Jun Wen Woo, senior analyst for TV & Online Video at research powerhouse Omdia, delves into Japan’s fascinating content market and explores how pay TV and streaming fortunes have changed.
Japan is a unique market where traditional TV/video market sources like broadcasters and the physical video market remain relevant in the country despite fast growing broadband infrastructure and smartphone adoption.
However, the physical market continues to shrink and traditional broadcasters and pay TV companies are also moving towards the online video sector. The local online video sector is fragmented and M&A activity is anticipated in the short term.
Japan’s online video subscription market is the second largest in the Asia Pacific after China. The total value of the online video subscription market in Japan reached $2.2bn in 2020, with year over year growth of 36% due to a significant increase in media consumption, as more consumers stayed at home during the pandemic.
Total subscription numbers increased from 24 million in 2019 to 35 million in 2020, led by Amazon Prime Video, Netflix, and local players U-Next and Hulu Japan.
Pay TV, meanwhile, generated revenue of $12.7bn in 2020, a drop from $13.1bn in the previous year, while subscriptions remained flat at 39 million. Pay TV penetration in Japan remains high at 72% of all TV household, as consumers continue to hold onto their cable subscriptions as many still perceive package media to be of a higher quality than the alternatives. Top pay TV operators in the market are J:COM, WOWOW and Sky Perfect.
Covid-19 has accelerated OTT subscription growth in Japan, even though average views for online video services will likely retreat back towards previous levels after the pandemic. However, Omdia expects a large proportion of online video subscriptions to be retained as a result of a change in consumer behavior, as well as cord-cutting. Omdia forecasts the total number of online video subscriptions will exceed pay TV subs in 2022.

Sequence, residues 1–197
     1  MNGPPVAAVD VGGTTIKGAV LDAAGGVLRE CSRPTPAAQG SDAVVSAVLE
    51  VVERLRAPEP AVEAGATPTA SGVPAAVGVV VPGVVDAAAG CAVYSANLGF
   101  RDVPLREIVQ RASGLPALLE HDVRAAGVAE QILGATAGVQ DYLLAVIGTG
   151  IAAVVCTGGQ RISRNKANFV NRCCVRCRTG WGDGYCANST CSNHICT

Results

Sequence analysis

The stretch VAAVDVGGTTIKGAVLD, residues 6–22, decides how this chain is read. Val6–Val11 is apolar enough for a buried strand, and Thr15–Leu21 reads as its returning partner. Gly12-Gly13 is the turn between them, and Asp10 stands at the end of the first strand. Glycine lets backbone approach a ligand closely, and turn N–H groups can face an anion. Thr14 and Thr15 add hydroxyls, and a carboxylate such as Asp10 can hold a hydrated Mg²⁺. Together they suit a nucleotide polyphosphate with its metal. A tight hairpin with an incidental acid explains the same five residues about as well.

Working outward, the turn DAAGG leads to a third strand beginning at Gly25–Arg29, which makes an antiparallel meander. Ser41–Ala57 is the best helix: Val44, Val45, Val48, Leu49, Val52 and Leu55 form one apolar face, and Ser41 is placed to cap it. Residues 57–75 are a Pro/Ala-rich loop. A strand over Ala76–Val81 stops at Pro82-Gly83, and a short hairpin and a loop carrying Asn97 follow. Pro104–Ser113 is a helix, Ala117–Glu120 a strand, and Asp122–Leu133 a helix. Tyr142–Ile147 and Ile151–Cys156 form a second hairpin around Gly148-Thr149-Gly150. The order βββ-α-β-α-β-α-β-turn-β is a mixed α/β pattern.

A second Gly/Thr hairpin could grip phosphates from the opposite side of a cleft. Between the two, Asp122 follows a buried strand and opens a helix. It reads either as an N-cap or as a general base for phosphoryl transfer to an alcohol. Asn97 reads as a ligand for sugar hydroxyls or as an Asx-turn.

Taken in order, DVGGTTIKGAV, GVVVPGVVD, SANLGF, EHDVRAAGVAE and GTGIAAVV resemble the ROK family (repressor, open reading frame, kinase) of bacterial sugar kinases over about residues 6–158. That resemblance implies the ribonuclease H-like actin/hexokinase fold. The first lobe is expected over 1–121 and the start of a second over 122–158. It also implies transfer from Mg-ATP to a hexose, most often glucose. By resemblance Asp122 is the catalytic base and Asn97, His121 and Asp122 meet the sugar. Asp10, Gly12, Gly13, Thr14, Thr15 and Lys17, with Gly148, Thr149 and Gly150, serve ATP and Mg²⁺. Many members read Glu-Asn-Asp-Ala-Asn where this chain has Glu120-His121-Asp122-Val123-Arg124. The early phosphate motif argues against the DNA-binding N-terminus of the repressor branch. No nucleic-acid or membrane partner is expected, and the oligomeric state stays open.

Amazon leads the stream
The online video on demand subscription market reached JPY244.9bn ($2.2bn) in 2020, up by 36% from 2019. The largest online video player in terms of subscriber numbers are Amazon Prime Video, followed by Netflix, U-Next and Hulu Japan.
The combined share of global giants Amazon Prime Video and Netflix has increased significantly in the past two years, from 29% in 2018 to 39% in 2020. Amazon Prime is popular in the market due to the overall platform benefits of a Prime membership; while growth in the Netflix subscription base correlates with its increased investment in local production.
The increasing popularity of global services like Amazon Prime Video and Netflix continues to put pressure on local players.
Among the local players, Avex’s dTV subscriber base has dropped by more than half since 2017, while Hulu Japan subscriber growth has noticeably slowed down. U-Next showed the most significant growth in 2020 among all of the local subscription services.
The current overcrowding of the market means consolidation in this sector is inevitable. Omdia expects there will be merger and acquisition activity among local players in the coming years as the market continue to develop.
Pay on pause
In 2020, nearly three quarters, or 28 million, of all pay TV subscriptions in Japan were delivered via cable TV. Despite the increase in online video services, cable subscription numbers have remained stable with stagnant growth. IPTV subscriptions will continue to grow in Japan, supported by growing optical fiber network coverage in the country and Omdia expects there will be an ongoing decline in satellite pay TV subscriptions.
In Japan, the market leader J:COM captured 23% of pay TV revenue in 2020, ahead of Hikari TV (21%) and Sky Perfect (11%). Furthermore, J:COM not only operates as a cable pay TV operator but also as a channel in Japan, In 2010-2020, 90% of J:COM’s pay TV revenue came from direct subscription.
Total pay TV revenue remains high at $12.7bn, compared to online video revenue at $2.2bn in 2020. The total pay TV revenue figure is expected to grow at a slow compound annual growth rate (CAGR) of 1.1% – from just under $12.7bn in 2020 to $12.8bn in 2024.
The excerpt above comes from Japan: TV And Online Video Trends. This in-depth report was written by Jun Wen Woo, who is senior analyst for TV & online video at research powerhouse Omdia, which – like TBI – is part of Informa.